The LGO concluded that as a result of the faults identified, Y was without suitable education between 1st January 2019 and 12th April 2019, and Ms X should not have had to privately fund home tutors. Furthermore, the education provided between April and July was not suitable as it did not take account of recommendations made by the Council’s OT.

The LGO emphasised that it had already issued a report about the Council’s failure to provide Y with suitable education, and that it was concerned that the Council had “once again failed in its duties to provide Y with an education suitable to his needs”. It stated that it was “clear [the Council] needs to take further action to prevent other children and families being similarly affected”.

Recommended action

  • Reimburse Ms X for the cost of paying for education for Y between January 2019 and 12 April 2019 – this is a remedy called restitution, that can be sought in legal proceedings, please note. The LGO is merely following the law here, but in a new field.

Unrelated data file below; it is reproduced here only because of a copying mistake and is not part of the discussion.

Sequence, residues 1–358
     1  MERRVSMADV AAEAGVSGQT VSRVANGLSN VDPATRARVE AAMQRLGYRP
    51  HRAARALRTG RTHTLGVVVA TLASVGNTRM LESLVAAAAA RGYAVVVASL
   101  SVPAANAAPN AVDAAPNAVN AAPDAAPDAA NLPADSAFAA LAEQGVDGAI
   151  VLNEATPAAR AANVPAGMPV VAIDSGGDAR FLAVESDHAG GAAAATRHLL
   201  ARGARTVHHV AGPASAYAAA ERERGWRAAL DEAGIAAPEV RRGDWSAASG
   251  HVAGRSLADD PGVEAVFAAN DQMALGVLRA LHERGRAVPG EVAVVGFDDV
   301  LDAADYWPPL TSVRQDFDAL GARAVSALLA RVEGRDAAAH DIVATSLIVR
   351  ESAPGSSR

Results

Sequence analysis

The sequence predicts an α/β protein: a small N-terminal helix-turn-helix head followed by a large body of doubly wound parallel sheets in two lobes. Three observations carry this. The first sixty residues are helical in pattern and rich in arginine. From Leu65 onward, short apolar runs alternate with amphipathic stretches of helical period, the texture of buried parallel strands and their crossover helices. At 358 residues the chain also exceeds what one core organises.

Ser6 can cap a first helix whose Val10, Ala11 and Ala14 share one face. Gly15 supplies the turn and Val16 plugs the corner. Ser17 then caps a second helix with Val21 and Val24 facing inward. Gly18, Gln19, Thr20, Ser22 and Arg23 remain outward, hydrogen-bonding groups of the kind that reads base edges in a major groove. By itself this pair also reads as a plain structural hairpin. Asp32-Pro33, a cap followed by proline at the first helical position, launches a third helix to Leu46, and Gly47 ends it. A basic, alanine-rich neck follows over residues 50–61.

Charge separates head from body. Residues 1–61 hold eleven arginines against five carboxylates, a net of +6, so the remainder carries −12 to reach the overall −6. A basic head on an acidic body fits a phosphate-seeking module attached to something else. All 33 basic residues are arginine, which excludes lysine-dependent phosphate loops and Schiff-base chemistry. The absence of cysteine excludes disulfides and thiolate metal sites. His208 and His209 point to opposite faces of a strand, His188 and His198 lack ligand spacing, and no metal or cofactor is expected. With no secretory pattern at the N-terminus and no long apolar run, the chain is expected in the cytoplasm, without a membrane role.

• Pay Ms X £1400 for the seven months Y was without a suitable education including provision recommended by the occupational therapist. This was towards the lower end of what we was usually recommended to reflect the fact that education was provided in this period,
  • Pay Ms X £250 for the distress and time and trouble she was caused pursuing the Council to provide her son with a suitable education.
  • Review its decision-making processes to make sure that it is able to respond quickly and flexibly to changing needs of children with Special Educational Needs.
  • Make sure that officers are able to put in any recommended provision without delay and, if necessary, before an EHC plan is finalised